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You could call it “the cult of the small”, the idea that small enterprises and smallholder farmers are the backbone of poor economies, the key to social resilience and the best hope for eliminating poverty. You see it in the emphasis on microloans, small businesses and funding community projects. 

These interventions are all very well. Safety nets, telephone banking and rural roads can help the income prospects of the very poorest. By some estimates, small and medium enterprises account for 80 per cent of Africa’s economic output. But the cult of the small needs a corrective. Africa needs to think big.

In cities across the continent, a “micro-entrepreneur”, as the development jargon has it, might just be the owner of a tanning works, a metal-bashing business or a tile-making factory. More likely she is a woman dodging traffic with a tray on her head hawking food to a tiny four-wheel-drive-owning elite. Or a man with a “shoeshine business” consisting of a rag, a broken box and half a tin of shoe polish.

The region’s cities are full of people with no formal jobs, hustling for a living. They are survivors who work long hours scrabbling together a pittance. If Africa’s future depends on their labour, then Africa is in trouble. No amount of access to finance is going to turn such “enterprises” into the building blocks of a modern economy.

Paul Collier, author of The Bottom Billion, says of the transformative effect of complex businesses: “Companies perform a productivity miracle by organising workers to reap gains from scale and specialisation.” The roadside hustler is neither specialised nor productive. To romanticise such an atomised workforce is to accept poverty in perpetuity. 

If many urban jobs are so unproductive, perhaps people should stay in the countryside? That was the view of Muhammadu Buhari, Nigeria’s former president, who told young people “to go back to the farm”.

But the life of most smallholders is less Thomas Hardy and more John Steinbeck. Without irrigation, fertiliser, modern seeds or tractors, productivity across the continent is dismally low. The poorest farmers can’t grow enough to keep their families properly fed, let alone send their kids to school. 

Aubrey Hruby, a seasoned investor in Africa, advocates the intense use of technology to release agriculture from its subsistence stranglehold. African farmers, she says, typically cultivate less than two hectares and produce gross value added of about $2,000, one-fiftieth of the average American farmer. The “cult of the smallholder farmer”, she says, is as damaging as the cult of the micro-entrepreneur.

China’s economic miracle was built on moving unproductive farmers into factories. Research by the African Centre for Economic Transformation, an Accra-based think-tank, shows how African economies have failed to do this. Many not only score poorly but are going backwards. Acet’s measure of economic diversity fell by almost 6 points between 2000 and 2020 while export competitiveness failed to rise over that period from a dismal 13.8. On average the top five exports of African countries account for a dangerously concentrated 70 per cent of the total.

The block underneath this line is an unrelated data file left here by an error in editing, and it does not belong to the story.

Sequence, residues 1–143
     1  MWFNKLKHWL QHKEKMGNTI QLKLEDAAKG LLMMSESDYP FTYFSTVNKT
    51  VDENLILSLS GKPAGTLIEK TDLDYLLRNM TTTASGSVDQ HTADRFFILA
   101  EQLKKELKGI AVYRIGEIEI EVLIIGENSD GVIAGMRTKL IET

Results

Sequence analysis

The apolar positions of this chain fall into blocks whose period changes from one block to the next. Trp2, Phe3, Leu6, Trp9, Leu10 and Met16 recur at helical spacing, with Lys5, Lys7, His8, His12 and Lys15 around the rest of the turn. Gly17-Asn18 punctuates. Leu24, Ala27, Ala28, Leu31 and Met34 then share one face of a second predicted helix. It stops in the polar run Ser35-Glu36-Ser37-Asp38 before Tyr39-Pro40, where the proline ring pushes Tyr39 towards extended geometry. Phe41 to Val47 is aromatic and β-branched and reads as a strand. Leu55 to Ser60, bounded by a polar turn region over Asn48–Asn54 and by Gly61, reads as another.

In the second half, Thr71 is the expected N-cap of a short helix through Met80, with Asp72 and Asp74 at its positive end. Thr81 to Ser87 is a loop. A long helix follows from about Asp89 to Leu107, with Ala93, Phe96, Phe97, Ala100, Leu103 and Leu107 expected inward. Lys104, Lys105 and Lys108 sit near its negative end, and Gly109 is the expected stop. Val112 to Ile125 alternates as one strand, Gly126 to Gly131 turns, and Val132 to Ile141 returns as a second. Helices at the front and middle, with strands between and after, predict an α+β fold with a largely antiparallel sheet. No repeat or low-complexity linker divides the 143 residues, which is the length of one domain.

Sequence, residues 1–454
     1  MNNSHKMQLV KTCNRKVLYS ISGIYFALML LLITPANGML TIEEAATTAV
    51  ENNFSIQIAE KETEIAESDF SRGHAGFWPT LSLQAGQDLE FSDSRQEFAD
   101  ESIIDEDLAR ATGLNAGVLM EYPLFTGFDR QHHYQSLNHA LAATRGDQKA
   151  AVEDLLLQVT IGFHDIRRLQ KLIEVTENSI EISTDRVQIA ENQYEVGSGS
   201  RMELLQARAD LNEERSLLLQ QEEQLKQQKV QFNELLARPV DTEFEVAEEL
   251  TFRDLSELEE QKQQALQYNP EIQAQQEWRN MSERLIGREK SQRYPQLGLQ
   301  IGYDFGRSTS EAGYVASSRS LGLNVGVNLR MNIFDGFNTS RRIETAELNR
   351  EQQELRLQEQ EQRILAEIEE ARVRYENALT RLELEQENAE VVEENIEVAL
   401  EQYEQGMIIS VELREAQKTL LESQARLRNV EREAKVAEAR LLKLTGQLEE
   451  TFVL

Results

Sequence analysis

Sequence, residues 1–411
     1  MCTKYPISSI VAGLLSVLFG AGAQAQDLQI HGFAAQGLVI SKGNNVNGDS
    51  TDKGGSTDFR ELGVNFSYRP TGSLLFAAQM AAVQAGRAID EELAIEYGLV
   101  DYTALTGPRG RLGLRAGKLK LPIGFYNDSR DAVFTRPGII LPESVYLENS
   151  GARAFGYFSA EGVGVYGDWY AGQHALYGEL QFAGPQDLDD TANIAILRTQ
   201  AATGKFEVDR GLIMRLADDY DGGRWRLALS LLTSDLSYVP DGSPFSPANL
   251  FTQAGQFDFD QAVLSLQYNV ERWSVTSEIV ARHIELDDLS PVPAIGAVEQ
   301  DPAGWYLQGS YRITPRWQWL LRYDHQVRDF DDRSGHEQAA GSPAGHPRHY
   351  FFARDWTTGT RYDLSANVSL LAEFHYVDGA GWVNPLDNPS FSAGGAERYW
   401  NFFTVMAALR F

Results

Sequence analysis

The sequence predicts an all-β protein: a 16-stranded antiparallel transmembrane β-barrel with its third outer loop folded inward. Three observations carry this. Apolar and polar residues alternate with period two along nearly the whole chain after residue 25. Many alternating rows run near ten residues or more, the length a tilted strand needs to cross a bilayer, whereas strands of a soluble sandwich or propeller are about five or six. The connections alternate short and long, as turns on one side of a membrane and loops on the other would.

Successful Asian and Latin American economies built complex industrial networks. They were sometimes linked to raw materials like Chilean copper or Malaysian palm oil, but often to an educated workforce, reliable infrastructure and deep pools of savings.

In Africa, Lesotho and Mauritius developed competitive textile industries, Ethiopia established a shoe and apparel industry based on home-produced leather and Benin is trying to transform raw cashew nuts into items that can go on a supermarket shelf. But such efforts are too few.

If the antidote to small is big and complex, the continent is not doing well. There is not a single African company in the world’s Fortune 500. Still, there are bigger businesses than meet the eye, many family-owned. McKinsey listed 400 African companies with annual revenue above $1bn in 2018. Yasmin Kumi’s African Foresight Group has a database of 2,000 companies with revenue of $20mn-$100mn.

More are needed. So is aggressive competition law to ensure they do not rest on their laurels or gouge customers. Policies required to facilitate job-creating businesses are not the normal development fare. They involve tasks like rationalising electricity supply, deepening capital markets, reducing the cost of capital through establishment of pension funds, channelling development into large-scale businesses and nurturing professionally run farms.

A starting point may be jettisoning romantic notions that smallholder farmers and micro-entrepreneurs are the route out of poverty. They are not. Their existence in large numbers is the definition of poverty itself.


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